I had this problem once, when I was waitressing at IHOP, during my master's, of finding myself "on guard" , I suppose, or irritated, when customers would come over to me, quietly take me aside and say .. "You are SUCH a good waitress". As if I have reached some pinnacle of a very respected career, as if I didn't have bigger better things brewing in my life. It always seemed to me that it was always older white people who'd actually take the time to give me, what I assume, what they thought was an compliment. I'm not sure what it was, if it was some perceived racism on my part, "Good little negro girl, you're doing great serving masta!" or if it was my disdain for being belittled into just a "good waitress". And let me be honest, I wasn't that great of a waitress, I was just polite. Although most people would be happy with such a compliment, I, however, I found myself countless times telling them, politely of course, some variation of a thank you and how I enjoyed my job and tactfully add in there the fact that I was in school had my bachelors and in the middle of my masters, blah blah blah... etc etc. It was fun watching first the confusion then their surprise when I told them. My sister thought I was being ridiculous, but really I just hated the fact that it was so easy for people to accept me as a "good waitress" but weirdly surprised when I turned to be more. I guess I felt that, as a black person, I had something to prove.
I suppose I told that story to make a point about how I feel, sometimes, I'm prejudged by the color of my skin. Am I? I dunno. Maybe I am, Maybe I'm not, Maybe it's all in my head. Over the last 4 years working in the pharmacy, I've noticed an interesting occurrence, where people are more apt to be "on edge" with me, snippy, or argue, although I was as polite as can be... or accuse me of being rude or having an attitude, when I wasn't. I use to chalk it up to it be an ornery patient, however, in the course of serving some of these patients it was interesting to see how their attitudes switched up when another co-worker interacted with them. First I thought it was me, but when someone else witnessed the scenario and commented on it, I knew I wasn't crazy. Unless you have EVP and can read my thoughts, I'm a genuinely polite person, I have no reason or desire to be rude to people, or give people an attitude, but I'm accused of it far too often. It really is hilarious cause I have co-workers who clearly have an attitude yet they never get a complaint... but then again, they're white.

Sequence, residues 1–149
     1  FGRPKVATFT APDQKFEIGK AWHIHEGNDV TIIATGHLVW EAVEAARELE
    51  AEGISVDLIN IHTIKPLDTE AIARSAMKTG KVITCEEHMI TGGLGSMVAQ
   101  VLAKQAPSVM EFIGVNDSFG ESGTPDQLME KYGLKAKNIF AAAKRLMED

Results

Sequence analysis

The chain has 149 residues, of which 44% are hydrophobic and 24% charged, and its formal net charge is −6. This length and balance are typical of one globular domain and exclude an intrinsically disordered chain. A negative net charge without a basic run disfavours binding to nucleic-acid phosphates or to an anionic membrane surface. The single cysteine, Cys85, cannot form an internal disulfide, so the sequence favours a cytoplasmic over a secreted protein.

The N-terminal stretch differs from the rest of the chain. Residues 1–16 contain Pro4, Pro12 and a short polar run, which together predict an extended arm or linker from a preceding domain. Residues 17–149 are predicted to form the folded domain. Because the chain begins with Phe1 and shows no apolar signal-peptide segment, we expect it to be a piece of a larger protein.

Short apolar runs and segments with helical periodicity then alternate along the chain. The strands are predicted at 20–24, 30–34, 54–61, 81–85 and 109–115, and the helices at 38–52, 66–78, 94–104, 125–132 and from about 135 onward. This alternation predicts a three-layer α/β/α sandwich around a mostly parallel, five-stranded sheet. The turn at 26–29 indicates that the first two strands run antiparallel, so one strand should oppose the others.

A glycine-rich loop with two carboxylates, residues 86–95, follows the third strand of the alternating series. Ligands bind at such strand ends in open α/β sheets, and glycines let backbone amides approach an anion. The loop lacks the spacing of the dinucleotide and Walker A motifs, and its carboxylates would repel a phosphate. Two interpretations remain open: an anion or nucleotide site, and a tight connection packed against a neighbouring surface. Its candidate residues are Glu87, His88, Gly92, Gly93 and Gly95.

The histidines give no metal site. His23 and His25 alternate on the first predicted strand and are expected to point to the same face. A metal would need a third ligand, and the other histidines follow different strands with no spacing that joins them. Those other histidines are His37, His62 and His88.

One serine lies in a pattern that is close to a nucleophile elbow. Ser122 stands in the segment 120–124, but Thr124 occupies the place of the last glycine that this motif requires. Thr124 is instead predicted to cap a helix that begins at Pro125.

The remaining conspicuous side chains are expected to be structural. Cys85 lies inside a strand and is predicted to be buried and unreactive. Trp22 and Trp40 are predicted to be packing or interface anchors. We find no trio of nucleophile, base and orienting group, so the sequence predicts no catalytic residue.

I'd like to pretend that in this day in age racism doesn't exist. That people don't automatically make assumptions about me before getting to know me. But considering a good percentage of people I now call friends thought I had "an attitude" before they even gotten the chance to say hello to me, or even know my name. I have to admit to myself that on some level, it does. So much so that I cannot have a regular day and god forbid, a bad one without being accused of having the stereotypical "black sass" or "attitude". You know one day in my life I'd like to walk into Macy's or Nordstrom's and not have to smile sweetly and make sure I say hello to the store clerk just so I can try on a pair of shoes, or get some service in Ann Taylor, or not being accused of having an attitude at work. I mean really... who smiles and is happy ALL THE TIME?! I think we can all agree that people who smile all the time are weird and creepy.
My IHOP days are far behind me, but I remember thinking, yeah.... when I make it, I won't have to prove anything to anyone... Wrong. I love the color of my skin and everything else God gave me. I wouldn't want anything different. But it doesn't stop me from wishing that strong, successful, black females aren't always left having to go above and beyond in normal, everyday activities, just to not be considered "ghetto" "sassy" "bitchy" or having an attitude. And it's not limited to just people of different races, black people are some of the worse offenders of this, but that's a whole different post.